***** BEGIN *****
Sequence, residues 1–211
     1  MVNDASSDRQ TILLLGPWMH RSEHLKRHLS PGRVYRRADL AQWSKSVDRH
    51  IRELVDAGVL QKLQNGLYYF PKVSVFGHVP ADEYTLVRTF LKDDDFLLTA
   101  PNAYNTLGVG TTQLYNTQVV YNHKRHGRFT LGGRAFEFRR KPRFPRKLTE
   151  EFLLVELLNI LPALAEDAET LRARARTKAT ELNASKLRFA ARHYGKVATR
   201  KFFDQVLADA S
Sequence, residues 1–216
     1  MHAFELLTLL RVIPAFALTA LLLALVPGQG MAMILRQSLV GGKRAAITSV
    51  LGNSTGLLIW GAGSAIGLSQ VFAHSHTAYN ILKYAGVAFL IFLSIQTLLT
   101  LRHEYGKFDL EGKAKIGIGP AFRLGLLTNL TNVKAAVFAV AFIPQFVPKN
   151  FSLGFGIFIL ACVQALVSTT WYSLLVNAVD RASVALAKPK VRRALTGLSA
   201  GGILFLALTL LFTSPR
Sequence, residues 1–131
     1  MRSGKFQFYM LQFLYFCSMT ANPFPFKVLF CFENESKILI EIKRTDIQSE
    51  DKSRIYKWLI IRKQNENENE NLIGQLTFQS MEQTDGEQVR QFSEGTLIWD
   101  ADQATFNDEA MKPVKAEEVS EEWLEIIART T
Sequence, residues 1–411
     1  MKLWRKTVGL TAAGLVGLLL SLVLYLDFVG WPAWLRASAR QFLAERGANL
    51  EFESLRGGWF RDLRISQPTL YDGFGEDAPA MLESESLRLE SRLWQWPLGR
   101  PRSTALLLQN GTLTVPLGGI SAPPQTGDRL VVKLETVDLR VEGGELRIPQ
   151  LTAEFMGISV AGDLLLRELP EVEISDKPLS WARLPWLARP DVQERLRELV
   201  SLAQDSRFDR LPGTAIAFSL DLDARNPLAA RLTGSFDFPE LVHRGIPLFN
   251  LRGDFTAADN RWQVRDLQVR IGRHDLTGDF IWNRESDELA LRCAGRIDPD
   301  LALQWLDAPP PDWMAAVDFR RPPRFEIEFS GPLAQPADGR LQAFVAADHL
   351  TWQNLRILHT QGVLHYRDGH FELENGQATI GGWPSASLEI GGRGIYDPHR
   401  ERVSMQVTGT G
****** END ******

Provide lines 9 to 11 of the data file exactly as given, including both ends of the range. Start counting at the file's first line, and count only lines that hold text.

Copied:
    51  LGNSTGLLIW GAGSAIGLSQ VFAHSHTAYN ILKYAGVAFL IFLSIQTLLT
   101  LRHEYGKFDL EGKAKIGIGP AFRLGLLTNL TNVKAAVFAV AFIPQFVPKN
   151  FSLGFGIFIL ACVQALVSTT WYSLLVNAVD RASVALAKPK VRRALTGLSA